New Extended Learning Position at Noble High School Connects Student with Dream Job

Lynn Kovitch

Lynn Kovitch is new to her role as Noble High School’s Extended Learning Opportunities (ELO) Coordinator. Thus far, she has spent a lot of her time building relationships with local businesses, organizations, and individuals in the community.

In addition to her research and leg work, Kovitch co-leads an ELO Class serving Noble High School’s Multiple Pathways Alternative School housed within the building where they are finding ways to engage students outside of the classroom. “I continue to meet new students, learn about their interests and place them in job shadows, paid work, and internships,” she said. As part of that process, she helps students with job applications and resumes and has conversations about post-secondary options including arranging career and college visits, as well as scheduling and bringing students to volunteer in the community.

“Now that we have a dedicated staff role to help our students find opportunities outside of the classroom, it feels like we are suddenly able to do more, and ideas we had are becoming a reality,” said a teacher from Noble High School Multiple Pathways Alternative School.

In describing a recent success, Kovitch explained that Noble High School has worked with a junior that applied and did not get into vocational school for the Automotive Program. After sharing his interest in working with his hands and learning anything about cars, Kovitch worked to find him a placement at a local garage. She went with him for an informal interview at a small garage this fall and the owner offered the student a job.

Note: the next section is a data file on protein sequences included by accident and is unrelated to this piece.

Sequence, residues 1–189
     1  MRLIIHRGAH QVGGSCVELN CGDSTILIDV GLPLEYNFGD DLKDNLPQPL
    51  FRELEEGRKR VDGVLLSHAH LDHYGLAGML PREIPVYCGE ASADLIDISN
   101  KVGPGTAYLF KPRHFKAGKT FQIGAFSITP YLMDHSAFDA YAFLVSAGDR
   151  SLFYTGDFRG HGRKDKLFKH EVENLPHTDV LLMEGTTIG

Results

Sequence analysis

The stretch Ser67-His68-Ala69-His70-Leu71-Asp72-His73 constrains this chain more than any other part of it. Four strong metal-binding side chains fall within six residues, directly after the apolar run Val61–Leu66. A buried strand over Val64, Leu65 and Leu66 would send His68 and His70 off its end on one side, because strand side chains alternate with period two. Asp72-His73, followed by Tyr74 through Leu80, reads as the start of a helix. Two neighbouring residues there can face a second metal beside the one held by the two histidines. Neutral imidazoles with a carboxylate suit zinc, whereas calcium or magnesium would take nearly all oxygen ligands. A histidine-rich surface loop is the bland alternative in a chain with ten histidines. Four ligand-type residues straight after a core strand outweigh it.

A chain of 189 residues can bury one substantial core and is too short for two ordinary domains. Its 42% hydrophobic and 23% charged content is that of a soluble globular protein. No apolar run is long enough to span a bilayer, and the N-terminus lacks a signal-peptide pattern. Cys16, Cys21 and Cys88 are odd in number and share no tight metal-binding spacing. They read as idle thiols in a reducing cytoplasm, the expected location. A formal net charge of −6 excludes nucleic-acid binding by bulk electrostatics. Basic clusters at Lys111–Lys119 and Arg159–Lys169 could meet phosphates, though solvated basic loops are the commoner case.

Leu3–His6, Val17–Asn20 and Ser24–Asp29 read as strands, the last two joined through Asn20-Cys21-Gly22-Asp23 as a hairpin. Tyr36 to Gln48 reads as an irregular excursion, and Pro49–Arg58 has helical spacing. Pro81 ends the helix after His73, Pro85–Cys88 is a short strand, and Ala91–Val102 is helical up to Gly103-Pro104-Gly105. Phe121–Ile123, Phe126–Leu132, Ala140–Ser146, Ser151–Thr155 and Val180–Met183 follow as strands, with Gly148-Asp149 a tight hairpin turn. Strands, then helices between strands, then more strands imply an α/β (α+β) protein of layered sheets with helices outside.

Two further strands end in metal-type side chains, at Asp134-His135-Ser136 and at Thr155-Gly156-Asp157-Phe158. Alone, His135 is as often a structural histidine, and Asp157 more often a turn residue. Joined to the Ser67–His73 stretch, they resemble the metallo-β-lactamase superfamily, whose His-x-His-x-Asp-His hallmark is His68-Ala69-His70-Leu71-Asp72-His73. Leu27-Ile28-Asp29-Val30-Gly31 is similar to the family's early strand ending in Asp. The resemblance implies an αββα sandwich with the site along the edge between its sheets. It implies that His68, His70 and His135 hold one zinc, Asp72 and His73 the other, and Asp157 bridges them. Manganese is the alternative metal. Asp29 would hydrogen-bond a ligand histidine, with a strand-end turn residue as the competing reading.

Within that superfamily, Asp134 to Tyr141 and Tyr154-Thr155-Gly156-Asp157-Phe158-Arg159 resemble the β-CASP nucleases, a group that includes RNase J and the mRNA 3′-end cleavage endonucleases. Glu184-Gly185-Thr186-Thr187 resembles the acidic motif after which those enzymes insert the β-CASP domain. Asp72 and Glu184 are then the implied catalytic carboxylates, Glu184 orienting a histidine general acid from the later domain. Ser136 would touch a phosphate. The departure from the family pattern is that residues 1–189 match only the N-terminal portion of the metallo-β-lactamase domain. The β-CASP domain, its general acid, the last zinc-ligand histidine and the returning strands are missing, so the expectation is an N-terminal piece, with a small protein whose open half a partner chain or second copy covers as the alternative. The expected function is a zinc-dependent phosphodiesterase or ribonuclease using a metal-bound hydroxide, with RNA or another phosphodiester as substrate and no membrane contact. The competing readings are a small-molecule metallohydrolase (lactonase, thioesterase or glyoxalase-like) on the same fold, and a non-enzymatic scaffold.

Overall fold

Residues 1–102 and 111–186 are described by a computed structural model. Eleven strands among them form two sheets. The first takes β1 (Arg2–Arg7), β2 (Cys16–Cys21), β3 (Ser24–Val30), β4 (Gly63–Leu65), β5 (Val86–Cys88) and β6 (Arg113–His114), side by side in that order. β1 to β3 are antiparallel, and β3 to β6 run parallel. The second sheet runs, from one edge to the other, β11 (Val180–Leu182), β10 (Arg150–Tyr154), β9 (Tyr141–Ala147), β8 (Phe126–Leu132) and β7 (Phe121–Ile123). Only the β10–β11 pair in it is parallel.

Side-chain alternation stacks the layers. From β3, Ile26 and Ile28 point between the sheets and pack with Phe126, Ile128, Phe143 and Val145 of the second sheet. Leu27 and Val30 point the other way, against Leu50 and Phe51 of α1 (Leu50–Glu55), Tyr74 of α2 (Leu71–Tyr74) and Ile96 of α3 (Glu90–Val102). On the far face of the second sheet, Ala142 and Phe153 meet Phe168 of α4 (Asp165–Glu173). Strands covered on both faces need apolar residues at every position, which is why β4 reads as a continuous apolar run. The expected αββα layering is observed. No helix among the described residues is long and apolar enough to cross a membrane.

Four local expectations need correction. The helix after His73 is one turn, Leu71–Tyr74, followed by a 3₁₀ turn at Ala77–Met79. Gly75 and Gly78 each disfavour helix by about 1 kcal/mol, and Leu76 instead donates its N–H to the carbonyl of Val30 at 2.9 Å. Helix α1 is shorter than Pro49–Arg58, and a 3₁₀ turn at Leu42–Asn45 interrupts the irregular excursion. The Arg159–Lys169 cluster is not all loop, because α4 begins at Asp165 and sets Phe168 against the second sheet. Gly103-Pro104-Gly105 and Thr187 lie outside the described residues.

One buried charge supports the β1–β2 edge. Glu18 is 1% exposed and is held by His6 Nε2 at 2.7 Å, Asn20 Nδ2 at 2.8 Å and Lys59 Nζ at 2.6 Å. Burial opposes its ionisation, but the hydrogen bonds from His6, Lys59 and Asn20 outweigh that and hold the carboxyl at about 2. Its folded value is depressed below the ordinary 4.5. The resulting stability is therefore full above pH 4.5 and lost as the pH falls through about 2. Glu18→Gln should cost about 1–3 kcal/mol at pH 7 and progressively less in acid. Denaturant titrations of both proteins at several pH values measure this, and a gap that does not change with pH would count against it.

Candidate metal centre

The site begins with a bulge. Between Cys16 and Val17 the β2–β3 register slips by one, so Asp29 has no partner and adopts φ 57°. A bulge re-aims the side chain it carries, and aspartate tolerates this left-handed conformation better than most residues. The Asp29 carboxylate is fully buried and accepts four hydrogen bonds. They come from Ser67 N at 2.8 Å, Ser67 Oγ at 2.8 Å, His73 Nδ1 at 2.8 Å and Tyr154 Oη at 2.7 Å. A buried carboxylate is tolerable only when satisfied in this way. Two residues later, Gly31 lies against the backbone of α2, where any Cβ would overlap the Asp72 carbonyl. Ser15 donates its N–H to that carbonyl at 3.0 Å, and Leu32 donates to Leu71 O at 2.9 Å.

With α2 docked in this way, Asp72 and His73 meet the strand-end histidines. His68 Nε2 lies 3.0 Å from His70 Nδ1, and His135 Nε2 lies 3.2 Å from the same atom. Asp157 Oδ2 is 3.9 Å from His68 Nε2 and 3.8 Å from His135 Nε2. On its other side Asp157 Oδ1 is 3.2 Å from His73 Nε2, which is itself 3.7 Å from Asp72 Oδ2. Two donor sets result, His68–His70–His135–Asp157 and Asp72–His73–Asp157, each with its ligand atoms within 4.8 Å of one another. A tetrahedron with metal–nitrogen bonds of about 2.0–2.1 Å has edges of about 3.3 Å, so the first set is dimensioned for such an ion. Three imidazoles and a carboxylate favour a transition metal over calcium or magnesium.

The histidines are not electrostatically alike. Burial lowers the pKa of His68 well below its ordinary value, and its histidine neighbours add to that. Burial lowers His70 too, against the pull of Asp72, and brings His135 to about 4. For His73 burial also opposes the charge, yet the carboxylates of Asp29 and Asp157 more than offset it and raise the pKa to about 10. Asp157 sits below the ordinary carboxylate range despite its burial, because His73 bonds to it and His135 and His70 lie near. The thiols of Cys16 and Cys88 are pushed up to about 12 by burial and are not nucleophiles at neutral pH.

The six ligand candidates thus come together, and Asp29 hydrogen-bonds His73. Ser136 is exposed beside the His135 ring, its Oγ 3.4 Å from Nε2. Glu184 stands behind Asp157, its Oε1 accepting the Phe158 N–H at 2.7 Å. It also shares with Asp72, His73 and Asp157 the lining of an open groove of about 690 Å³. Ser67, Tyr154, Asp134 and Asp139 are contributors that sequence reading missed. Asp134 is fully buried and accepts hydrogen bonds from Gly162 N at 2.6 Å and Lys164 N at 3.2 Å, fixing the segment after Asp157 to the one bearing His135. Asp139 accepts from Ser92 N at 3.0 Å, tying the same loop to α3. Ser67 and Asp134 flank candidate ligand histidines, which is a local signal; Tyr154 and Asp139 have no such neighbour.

“He came up to me during the school day, looked me in the eyes, and thanked me. He gets to build a relationship with the shop owner, learn more about working in the automotive industry, and get the hands-on experience he had hoped for,” explained Kovitch. “This was one of the first of a handful of ‘work-study’ ELO’s and has motivated me greatly to continue helping students find placements- especially for those who did not get a spot in the vocational program.” Noble High School has students placed in many businesses in the area, including in childcare, welding, autobody and cosmetology.

Kovich goes on to explain that moments like these are the perfect example of why she loves her job so much. When students thank her for helping them locate opportunities outside of school that engages them in their passions and interests. “Seeing students genuinely excited to pursue their interest while building their confidence about their future and the many things they are capable of!”

Kovitch says that looking forward, Noble High School plans to grow its group ELO offerings next semester in addition to expanding its ability to transport students. She said they are also working on partnering with local organizations like Cooking Matters and Junior Achievement Maine to offer more life skills like financial literacy, cooking and budgeting in group ELO’s. This is all of course in addition to her continued efforts to match students with local businesses as she has worked so hard to do in the first half of the school year.

“We are excited to keep expanding our program as I settle into the role and get to know the community better,” she said.

Kovich extends a special thanks to some of their new community partners: Berwick Early Learning Center, Cabana Salon and Tanning, True Enterprises, Cabana’s Auto Body, Greater Works Land Trust, Riverside Farm and Another Chance Animal Shelter & Second Hand.

Extended Learning Opportunities (ELOs) are hands-on, credit-bearing courses outside of the traditional classroom with an emphasis on community-based career exploration. These opportunities are personalized for students and help them explore options for their professional lives. They help students engage in learning through instruction, assignments, and experiential learning. The Maine Department of Education (DOE), along with state-wide partner Jobs for Maine Graduates (JMG), have made a concerted effort to provide working models, support, and funding opportunities for Maine schools to set up ELO programs within their school communities. To learn more about Maine’s initiatives with extended learning opportunities, visit: or reach out to Maine DOE ELO Coordinator Rick Wilson at